How you doing?" So, it was "Yeah, it's me. And she said "Fine." you know, small talk. You went through, more about what was happening... Obviously you wanted to find out and are things looking good? back home, "Hey, what's happening?" And right as you started to say the phone went dead. you just never understood. So it was one of those things They could never figure out to do one thing or the other, why the guards had decided the failed rescue mission, so the day after were escorted out of the embassy. they had no idea why all of them They showed no anger towards us. The Iranians were very confusing. as we pursued our nomadic existence. Life did become much harder dropped dramatically The quality of the food and sometimes there wasn't any. and very slow stretch... there. That was a very long to play shell games with the hostages The Iranian students continued for the remainder of the summer, to makeshift prison. moving them from makeshift prison that wanted us dead. There were factions in Iran us hostage to get what they could. There were factions wanting to hold by what the students were doing There were factions embarrassed and wanted us released immediately. bringing them back to Tehran. Gradually they began to two of the most notorious prisons, This time they brought them back Evin Prison and Komiteh Prison. is the amount of time, The thing I remember about that to get into this prison from the time we hit the gate till we got into the cell. And us going through gate after gate after gate. closed and locked behind me. I was put in the room, the door were two feet thick. The walls in this place Holy smokes! home after we got put in that thing. I just figured there was no coming In July, after more than 250 days of captivity, are being held some of the American hostages in Tehran. at the notorious Komiteh prison Richard Queen, the vice-consul, had a very serious progressive illness called multiple sclerosis, which was not even known to him. Nobody's seen Rich for a long time, you know - what's going on? They let us get the 'Sporting News' and on the back side of one of the pages in the 'Sporting News' was the fact that he had been at a football game as a guest of honour. So we knew he was in the United States. The Imam Khomeini decided to send Richard Queen home.

The hostages had been kept in the dark about developments in the outside world. Although rumours of things like the rescue attempt or the return of Richard Queen gradually filtered through their ranks. "Day 331. What a day it was today. "When we read about CBS interrupting a golf game "to run a half-hour live coverage on the death of the Shah of Iran. "He supposedly died on July 27th, a day after my birthday. "What a shocker it was to read that. "I really wonder where that leaves us."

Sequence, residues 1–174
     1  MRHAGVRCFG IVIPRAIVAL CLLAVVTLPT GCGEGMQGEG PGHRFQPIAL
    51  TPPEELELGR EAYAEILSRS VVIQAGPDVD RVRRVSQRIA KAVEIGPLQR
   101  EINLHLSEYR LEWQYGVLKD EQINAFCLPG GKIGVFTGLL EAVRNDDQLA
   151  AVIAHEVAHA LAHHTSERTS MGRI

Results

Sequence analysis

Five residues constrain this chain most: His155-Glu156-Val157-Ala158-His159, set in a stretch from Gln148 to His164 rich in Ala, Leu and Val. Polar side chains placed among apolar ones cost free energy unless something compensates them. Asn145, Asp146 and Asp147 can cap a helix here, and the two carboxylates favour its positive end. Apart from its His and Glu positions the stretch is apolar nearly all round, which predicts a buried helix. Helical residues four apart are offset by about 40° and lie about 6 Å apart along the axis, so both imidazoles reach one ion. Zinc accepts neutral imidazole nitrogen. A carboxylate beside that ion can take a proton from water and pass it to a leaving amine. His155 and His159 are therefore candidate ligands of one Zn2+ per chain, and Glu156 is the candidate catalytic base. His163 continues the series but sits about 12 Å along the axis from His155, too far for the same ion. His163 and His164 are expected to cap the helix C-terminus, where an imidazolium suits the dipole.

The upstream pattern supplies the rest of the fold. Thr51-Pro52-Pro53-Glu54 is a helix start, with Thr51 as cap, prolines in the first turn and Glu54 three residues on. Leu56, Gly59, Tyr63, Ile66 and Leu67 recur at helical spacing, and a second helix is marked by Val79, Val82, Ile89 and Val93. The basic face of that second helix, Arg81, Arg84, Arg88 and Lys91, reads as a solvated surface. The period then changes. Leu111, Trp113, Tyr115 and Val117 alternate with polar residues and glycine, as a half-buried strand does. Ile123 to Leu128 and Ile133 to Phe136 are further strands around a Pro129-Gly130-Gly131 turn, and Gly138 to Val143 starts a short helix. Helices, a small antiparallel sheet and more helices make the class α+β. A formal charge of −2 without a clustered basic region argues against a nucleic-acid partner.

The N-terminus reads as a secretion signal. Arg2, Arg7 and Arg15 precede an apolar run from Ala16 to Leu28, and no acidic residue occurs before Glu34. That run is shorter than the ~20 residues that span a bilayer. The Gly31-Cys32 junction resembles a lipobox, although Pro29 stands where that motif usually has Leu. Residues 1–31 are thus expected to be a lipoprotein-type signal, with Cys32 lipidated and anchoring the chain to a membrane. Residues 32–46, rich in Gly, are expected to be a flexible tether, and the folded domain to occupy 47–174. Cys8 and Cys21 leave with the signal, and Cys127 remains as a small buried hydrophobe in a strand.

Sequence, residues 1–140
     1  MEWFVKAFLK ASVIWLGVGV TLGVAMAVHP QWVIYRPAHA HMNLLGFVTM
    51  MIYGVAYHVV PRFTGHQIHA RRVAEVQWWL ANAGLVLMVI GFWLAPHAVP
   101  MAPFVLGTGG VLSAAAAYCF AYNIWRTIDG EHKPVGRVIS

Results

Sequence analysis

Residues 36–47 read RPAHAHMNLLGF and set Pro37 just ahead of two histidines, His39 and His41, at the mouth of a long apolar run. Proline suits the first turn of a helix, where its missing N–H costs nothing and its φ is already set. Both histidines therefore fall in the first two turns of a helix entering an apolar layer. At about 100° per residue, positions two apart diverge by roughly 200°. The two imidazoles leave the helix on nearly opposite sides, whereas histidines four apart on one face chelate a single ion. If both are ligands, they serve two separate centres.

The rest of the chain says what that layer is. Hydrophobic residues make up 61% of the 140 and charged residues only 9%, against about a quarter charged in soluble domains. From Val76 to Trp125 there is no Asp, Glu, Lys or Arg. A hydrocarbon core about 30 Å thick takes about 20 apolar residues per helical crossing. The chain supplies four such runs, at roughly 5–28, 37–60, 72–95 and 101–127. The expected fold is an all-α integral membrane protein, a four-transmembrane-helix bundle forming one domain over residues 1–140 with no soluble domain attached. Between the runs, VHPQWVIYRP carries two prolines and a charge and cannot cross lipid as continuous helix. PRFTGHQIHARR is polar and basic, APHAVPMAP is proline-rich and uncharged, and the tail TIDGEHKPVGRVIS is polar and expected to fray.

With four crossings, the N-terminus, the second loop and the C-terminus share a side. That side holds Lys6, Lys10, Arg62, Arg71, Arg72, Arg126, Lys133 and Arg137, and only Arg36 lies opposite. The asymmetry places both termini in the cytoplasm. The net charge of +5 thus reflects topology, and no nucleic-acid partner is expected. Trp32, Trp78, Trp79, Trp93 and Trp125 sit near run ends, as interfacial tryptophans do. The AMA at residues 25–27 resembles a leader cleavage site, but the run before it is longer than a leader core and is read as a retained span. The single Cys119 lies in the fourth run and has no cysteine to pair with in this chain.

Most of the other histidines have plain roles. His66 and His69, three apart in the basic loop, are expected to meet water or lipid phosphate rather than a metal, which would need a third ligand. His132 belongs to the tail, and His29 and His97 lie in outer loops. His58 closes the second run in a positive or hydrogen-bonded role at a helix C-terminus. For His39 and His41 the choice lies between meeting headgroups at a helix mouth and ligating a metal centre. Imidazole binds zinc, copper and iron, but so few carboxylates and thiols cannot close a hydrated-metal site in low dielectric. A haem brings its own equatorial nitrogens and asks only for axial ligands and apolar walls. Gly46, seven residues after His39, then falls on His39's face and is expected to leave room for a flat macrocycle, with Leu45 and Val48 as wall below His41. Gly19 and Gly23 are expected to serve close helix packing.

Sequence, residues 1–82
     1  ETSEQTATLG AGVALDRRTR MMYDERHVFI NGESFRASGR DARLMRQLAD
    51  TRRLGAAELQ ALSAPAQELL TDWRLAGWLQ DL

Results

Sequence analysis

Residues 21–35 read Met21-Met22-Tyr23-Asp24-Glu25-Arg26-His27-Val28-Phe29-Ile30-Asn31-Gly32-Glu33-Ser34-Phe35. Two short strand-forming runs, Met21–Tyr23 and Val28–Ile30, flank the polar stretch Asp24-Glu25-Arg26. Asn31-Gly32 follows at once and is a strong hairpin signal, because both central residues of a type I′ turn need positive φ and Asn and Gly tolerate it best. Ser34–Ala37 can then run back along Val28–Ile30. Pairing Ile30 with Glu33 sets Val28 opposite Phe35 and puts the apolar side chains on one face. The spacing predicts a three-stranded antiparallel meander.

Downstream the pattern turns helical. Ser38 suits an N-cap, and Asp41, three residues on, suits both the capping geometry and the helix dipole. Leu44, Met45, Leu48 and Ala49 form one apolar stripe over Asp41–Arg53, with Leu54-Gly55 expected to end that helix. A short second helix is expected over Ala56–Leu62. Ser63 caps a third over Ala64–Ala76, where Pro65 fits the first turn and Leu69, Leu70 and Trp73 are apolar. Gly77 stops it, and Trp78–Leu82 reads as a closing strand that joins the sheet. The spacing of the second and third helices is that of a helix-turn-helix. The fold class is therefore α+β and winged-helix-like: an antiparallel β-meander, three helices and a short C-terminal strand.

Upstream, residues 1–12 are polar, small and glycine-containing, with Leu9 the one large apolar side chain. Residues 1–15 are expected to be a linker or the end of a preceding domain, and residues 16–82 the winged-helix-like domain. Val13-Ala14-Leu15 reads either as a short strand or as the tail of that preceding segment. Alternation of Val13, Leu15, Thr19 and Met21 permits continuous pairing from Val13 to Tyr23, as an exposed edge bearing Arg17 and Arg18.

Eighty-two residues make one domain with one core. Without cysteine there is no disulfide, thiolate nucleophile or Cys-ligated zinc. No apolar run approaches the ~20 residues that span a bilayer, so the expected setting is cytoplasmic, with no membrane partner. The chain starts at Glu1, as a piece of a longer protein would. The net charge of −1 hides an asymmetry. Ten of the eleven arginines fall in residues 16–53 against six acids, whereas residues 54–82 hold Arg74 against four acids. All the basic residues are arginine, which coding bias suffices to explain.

Jimmy Carter had basically in principle agreed with most of the demands they'd made, but the Imam Khomeini had directed that the fate of the hostages would have to be decided by the Majlis, the Iranian parliament. By September, the Majlis was in place. Sadegh Tabatabai, who was the brother-in-law of Khomeini, made a proposal to open negotiations secretly with the United States. It looked like a deal could, in fact, be worked out. There was a lot of excitement about the possibility of a resolution to the crisis when Tehran was suddenly rocked one night by loud explosions. We're sitting at a little table in the middle of the room playing cards and we hear this jet coming. This thing was coming hard and fast, I mean (whooshes). Then all of a sudden we hear this noise, it's whoosh, fum, fumfumfum! And then goes whoosh right over the top of the prison. Dave Roeder was my only cellmate. We were just sitting there and, you know, lights went out. And then after a while we heard these thumps of bombs or rockets. And Roeder looked up and said "That's incoming." And you could actually feel the concussion of bombs that were falling in the vicinity. There was no doubt it was an air raid. I thought "Who the hell's doing this?" SICK: Saddam Hussein attacked Iran. The Iran-Iraq war had started. We used to hear explosions. We used to hear dogfights over the city, you know, planes shooting each other. I sat up there and watched the air raids on Tehran, cheering greatly for the Iraqis. While the outbreak of the Iran-Iraq war scuttled the secret negotiations that might lead to their release, eventually the war with Iraq would be the thing that would force Iran back to the negotiating table. It made Iran aware of its vulnerabilities and should have given them reason to want to hasten any negotiations with the United States. Because they clearly didn't need other enemies. So they're feeling increased pressure to resolve the hostage crisis at the same time the presidential election in the US is coming to a head. I believe that this administration's foreign policy helped create the entire situation that made their kidnap possible. and superannuation will again be seen They have low fees and they pay no commissions to financial advisors. Industry Super Funds are run only to benefit members. With the presidential election so close, polls showed Carter and Reagan running neck to neck. There was an assumption that if Carter could somehow pull off a solution to the hostage crisis at the last moment, that it might be enough to tilt the election in his favour. The Republicans felt Jimmy Carter was gonna pull an "October surprise" by getting the hostages released in October, and thereby recoup his fortunes. and thereby recoup his fortunes. And the Democrats suspected that the Republicans were encouraging the Iranians to keep the hostages there until after the elections. As the hours counted down toward election day, the Iranians gave President Carter an opportunity to reach a rapid solution to the crisis. They presented him with a list of demands and directed that he publicly accept. Because the demands involved very complex financial matters, it was impossible for him to responsibly announce an agreement in the press. So he rejected the demands. CROWD CHANTS November 4th, the date of the election, was the first anniversary of the taking of the hostages. And the flood of retrospective coverage, it just dominated the press and the media for that whole last week before the election. The public offer of Iran in the final hours of the election campaign to solve the hostage crisis meant that expectations were raised once again that we were on the verge of a settlement.